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Crete is a perfect destination for a holiday and it is somewhere you will almost certainly wish you had lingered longer. One week is not really enough on Crete as there is so much to explore here. Various cultures have influenced Crete throughout the centuries and these influences are still noticeable today in the buildings, the food and the traditions. The largest of the Greek islands, Crete embraces tourism which has become a major industry. Crete is arguably the most interesting of the Greek islands because of its long and varied history. Many different civilisations have left their mark on the island including the Minoans, the Romans and the Arabs.
The Greek authorities have permitted tourist development in some of the towns and cities on the island and have left others undeveloped. Kolymbari lies at the foot of the stunning Rodopou peninsula and is a small fishing village which is perfect if you want to get away from it all. Untouched by too much tourism, the village nestles between majestic cliffs and the Mediterranean Sea.
Kolymbari is best known for its stunning beach and welcoming cafes and tavernas. It is easy to spend the day simply people watching. There are fishermen tending their nets and bringing in their catch, tourists and locals swimming or snorkelling and the native people simply going about their business. There is a café right on the beach which is interesting as it is built of stone. Once a small fishing village, Kolymbari has begun to attract those who enjoy boating and recreation as there is a new marina.
Excellent for swimming, the beach is open, long and undeveloped. Sand tops the pebbles which makes it a sun worshipper's paradise. If you want to get out of the sun you can take quiet strolls in the area behind the beach. Wildlife lovers and walkers enjoy this peninsula which has been left to nature making it a bird watcher's haven.
The area is also well known for its local honey which makes an ideal gift to take back home. In spring the fields and cliffs abound with wildflowers, many unique to Crete. Irises, gladioli and chamomile all grow wild here and there is often the smell of herbs in the night air. Flowers grow in abundance and this helps to create a certain charm that is unique to Kolymbari. A stay in the area means you will probably slow your own pace to suit the tranquillity and calm that seems to pervade the air here.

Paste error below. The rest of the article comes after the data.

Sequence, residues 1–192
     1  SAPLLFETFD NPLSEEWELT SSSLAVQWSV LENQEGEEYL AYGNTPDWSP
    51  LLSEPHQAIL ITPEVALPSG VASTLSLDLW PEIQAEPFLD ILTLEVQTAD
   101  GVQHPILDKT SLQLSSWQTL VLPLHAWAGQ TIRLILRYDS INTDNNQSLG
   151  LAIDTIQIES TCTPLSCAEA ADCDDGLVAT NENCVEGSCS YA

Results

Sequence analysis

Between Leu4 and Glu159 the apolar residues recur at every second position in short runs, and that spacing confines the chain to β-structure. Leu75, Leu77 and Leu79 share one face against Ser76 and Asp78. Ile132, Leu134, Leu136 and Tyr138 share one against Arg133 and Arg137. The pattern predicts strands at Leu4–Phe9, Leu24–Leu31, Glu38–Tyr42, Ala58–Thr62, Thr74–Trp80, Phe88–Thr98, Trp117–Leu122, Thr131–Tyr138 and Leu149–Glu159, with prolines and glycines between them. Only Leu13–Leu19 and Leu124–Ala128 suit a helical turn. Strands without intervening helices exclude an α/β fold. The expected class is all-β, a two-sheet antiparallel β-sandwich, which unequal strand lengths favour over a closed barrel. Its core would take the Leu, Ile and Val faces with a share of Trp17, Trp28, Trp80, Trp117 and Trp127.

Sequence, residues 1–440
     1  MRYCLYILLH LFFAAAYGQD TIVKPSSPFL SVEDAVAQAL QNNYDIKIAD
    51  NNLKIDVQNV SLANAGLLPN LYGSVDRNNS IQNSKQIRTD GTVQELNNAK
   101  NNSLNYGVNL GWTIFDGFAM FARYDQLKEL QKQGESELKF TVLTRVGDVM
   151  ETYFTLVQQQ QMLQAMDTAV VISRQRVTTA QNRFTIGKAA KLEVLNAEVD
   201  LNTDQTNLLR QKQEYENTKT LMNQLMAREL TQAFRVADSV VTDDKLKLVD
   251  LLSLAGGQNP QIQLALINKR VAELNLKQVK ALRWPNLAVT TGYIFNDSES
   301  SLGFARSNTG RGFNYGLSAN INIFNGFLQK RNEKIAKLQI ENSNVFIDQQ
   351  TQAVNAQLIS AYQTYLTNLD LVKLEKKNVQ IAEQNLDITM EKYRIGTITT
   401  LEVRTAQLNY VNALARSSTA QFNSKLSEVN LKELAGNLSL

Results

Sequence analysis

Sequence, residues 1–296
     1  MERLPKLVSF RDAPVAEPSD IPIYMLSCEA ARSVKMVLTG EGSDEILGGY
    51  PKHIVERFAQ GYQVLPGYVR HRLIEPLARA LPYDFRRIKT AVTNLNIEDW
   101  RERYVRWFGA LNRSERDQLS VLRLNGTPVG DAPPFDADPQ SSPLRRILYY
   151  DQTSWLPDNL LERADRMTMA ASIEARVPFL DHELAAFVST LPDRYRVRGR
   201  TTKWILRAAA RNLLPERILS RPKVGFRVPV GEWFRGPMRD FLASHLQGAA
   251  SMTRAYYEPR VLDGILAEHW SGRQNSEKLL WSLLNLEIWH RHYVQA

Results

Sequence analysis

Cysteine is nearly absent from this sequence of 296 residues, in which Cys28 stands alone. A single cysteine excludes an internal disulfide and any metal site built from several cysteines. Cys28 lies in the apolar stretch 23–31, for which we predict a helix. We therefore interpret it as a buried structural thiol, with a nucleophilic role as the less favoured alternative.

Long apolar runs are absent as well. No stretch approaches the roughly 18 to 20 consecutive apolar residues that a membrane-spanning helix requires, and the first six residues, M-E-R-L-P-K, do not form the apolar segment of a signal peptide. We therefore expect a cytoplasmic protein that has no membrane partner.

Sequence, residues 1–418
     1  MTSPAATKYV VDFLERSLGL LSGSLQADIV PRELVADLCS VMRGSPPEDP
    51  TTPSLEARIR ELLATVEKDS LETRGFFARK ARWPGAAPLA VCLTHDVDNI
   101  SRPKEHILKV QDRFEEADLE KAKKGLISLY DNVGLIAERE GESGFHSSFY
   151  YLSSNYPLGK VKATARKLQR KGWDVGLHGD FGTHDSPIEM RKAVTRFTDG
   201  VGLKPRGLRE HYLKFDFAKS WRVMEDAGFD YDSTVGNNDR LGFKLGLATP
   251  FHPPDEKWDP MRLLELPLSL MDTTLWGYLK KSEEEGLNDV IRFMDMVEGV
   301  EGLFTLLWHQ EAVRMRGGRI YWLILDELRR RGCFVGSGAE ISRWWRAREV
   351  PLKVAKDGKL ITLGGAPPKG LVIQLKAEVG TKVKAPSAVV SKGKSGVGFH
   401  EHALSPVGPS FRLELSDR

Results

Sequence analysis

For those seeking a calm and quiet village resort and yet which is close to more lively places then Kolymbari is the answer. The town is best suited for visitors seeking a cultural experience as well as relaxation. There is not much nightlife so evenings out here tend to centre around a small selection of local tavernas. However, the town lies about 15 miles to the west of the bright lights of Chania where there are nightclubs, bars and restaurants for those who enjoy a faster pace. Also in Chania there is the Venetian Old Town and other attractions all within easy reach. You will find that local buses travel regularly to Chania as Kolymbari has good connections.
Kolymbari village has white painted houses as well as a beautiful Greek Orthodox monastery with a distinctive rust coloured dome dating back to the thirteenth century. Many of the buildings which date back to the 1600s are still in use today.
Shops offer most essentials as well as some souvenirs but if you really want to shop till you drop then you need to head for the bigger towns. Several small hotels offer good accommodation although Kolymbari is free from hotel chains and units of multiple occupation. Places to stay include Spilia Village Luxury Traditional Resort, Elia Traditional Inn and The Old Olive Mill.
Getting to Crete is easy. Many major UK airports have direct flights to both Heraklion and Chania otherwise tourists can fly to Athens and then pick up a connection to the island. There are ferries from Piraeus (the port of Athens) to Heraklion. The journey takes around nine hours on the standard ferry or six hours on a fast ferry. Ferries tend to be overnight trips with arrivals at around 6am. Various grades of cabins are available and food on board is either self service or full service. The newer ferries even have internet and a cinema. Sailing into Crete is a great way to start a holiday. Imagine waking up to the sparkling blue sea to see the dark outline of the distant island coming into view.